The Disco Samurai: Agreed on Hermoine (love her so muich BTW). Not that, as a man, I really have much perspective on what's proper feminism, but I didn't see Hermoine as it.

Like_a_Boss_(Copil): <3 Hermione

Alison: I think of feminism stances as more fighting for equality and defeat of stereotypes on women. Hermione just SPEWed for the underdog. And I loved her for that.

Lynsay: So is feminism just a strong female character or is it advocating for rights?

Laura: My idea of feminism is both - a strong character who fights for equal rights.

Like_a_Boss_(Copil): I feel advocating is a strong part of a truly "feminist" book

Laura: Tried probably wasn't the right word to add. I know I've read many books with, as Erica mentioned, lots of strong female characters that weren't quite feminists themselves. Hermoine is a good example and Cassia from Matched and plenty more.

Alison: I wonder if Laura's point and question maybe is asking about all these strong-willed heroines and maybe the authors are trying to create said strong-willed characters to make their books more appealing.

Lynsay: Understandable, but could the author be using that character to try to illustrate their own feminist views? Or does it have to be really strong?

Alison: Just throwing this out there, but one book that did and didn't do that for me is Catching Jordan.


Alison: It's about a senior girl who's a quarterback and trying to break barriers and I felt there were so many things she was fighting for the right to do that made her so strong, but then I saw her as so weak when it came to the guys in her life.

Erica: I felt like she was very much a teenage girl.

Jessica: I loved that she wouldn't accept no for an answer when it came to playing in college. But you are right about the guys in her life...it's like she spent so much time fighting for things in sports that she didn't really know how to do it in her personal life.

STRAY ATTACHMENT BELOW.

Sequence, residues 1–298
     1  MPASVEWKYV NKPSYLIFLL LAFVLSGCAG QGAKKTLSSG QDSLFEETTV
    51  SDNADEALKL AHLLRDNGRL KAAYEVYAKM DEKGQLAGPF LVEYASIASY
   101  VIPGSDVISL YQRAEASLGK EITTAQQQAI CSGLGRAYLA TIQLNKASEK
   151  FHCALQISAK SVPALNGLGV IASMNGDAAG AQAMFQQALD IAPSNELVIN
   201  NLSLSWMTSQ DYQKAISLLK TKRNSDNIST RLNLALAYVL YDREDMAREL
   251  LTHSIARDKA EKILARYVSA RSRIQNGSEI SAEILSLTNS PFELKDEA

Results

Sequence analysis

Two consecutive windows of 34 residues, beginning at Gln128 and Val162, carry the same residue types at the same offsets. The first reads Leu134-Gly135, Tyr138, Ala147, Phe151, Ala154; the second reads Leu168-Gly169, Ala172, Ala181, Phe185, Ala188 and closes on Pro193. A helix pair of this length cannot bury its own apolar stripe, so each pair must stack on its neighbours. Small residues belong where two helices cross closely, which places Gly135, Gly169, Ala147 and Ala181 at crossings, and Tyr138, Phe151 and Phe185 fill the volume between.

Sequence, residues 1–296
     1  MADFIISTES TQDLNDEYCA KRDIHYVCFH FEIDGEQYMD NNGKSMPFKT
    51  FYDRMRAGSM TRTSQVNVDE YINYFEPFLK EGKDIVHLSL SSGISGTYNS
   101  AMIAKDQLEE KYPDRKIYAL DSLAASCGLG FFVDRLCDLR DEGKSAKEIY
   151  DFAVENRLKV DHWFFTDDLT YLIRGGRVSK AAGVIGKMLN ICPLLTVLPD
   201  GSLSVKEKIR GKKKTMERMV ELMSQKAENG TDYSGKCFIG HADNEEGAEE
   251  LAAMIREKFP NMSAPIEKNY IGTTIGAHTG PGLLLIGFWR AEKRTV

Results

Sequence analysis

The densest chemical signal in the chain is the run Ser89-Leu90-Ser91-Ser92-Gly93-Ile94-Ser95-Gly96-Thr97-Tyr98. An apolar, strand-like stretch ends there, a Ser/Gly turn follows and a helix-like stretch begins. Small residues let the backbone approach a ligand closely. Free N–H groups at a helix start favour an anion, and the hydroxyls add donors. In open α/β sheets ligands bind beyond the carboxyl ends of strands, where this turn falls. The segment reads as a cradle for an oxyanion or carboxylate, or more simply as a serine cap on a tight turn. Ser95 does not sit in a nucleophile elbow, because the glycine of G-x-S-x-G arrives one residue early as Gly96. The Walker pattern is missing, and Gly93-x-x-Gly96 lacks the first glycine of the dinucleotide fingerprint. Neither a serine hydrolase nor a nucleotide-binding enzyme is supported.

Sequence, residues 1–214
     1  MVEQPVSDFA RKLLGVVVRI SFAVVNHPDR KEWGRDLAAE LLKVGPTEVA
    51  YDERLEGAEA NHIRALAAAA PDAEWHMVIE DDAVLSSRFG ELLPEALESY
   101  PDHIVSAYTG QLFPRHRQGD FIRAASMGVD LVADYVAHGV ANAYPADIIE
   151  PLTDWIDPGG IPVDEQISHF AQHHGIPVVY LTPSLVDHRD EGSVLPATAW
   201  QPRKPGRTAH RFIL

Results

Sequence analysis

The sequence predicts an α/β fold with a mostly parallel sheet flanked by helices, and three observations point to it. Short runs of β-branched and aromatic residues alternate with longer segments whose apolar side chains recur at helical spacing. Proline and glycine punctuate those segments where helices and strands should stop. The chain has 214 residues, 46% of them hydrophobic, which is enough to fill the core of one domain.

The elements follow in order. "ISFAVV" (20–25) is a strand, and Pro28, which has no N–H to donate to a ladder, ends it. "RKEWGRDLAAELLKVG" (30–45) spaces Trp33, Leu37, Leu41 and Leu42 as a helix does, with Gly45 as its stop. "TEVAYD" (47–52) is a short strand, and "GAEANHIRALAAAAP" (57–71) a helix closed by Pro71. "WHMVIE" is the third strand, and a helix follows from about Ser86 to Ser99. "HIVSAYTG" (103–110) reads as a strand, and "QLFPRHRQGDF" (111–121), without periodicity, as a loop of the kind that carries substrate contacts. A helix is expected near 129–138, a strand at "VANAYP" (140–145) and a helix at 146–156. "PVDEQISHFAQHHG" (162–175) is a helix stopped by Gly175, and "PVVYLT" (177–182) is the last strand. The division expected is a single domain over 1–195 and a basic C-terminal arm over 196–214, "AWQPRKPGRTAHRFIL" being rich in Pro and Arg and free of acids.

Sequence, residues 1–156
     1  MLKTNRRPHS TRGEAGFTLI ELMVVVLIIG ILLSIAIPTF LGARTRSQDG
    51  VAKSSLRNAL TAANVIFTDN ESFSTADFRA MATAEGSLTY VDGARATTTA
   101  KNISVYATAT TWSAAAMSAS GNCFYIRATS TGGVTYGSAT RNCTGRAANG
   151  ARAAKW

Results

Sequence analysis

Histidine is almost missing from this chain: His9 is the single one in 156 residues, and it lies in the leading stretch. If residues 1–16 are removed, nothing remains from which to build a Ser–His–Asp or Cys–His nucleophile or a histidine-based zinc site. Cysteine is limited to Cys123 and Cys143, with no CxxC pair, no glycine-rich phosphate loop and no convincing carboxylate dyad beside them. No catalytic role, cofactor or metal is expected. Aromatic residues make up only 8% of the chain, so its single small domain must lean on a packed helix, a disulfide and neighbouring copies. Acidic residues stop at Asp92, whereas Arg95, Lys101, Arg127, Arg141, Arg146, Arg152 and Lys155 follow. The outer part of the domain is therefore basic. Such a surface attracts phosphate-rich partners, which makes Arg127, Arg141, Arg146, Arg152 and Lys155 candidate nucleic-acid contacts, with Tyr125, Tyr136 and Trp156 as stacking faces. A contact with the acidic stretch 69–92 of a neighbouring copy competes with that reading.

Erica: And I loved her attitude towards football and how she was so persistent. I feel like the fact that she had never had a guy she felt anything for in her life though before then, it was new experience for her. She was no longer just "one of the guys" for everyone

The Disco Samurai: Haven't read it, but I've known girls who played hockey, and stuff like that, and I think that kind of courage is great for feminism

Like_a_Boss_(Copil): I wonder if there's an inherent struggle to make a "feminist" book and staying true to those ideals and still staying true to YA which, in some respects, represents the time in all our lives when we are defining identity (especially with regards to our love interests)?

Erica: I think some of the time too people want to make a book into a feminist book, when in reality, that wasn't the intention at all.

WHEW! Just so you know—this conversation could have easily extended beyond our normal hour. Awesome questions. AMAZING discussion.

Do YOU have anything to add? Have YOU seen those lists? Care to follow up any of those questions for us? What’s YOUR take on love triangles? On feminism? Or stories that feature strong female characters?


Post a Comment

Design by Small Bird Studios | All Rights Reserved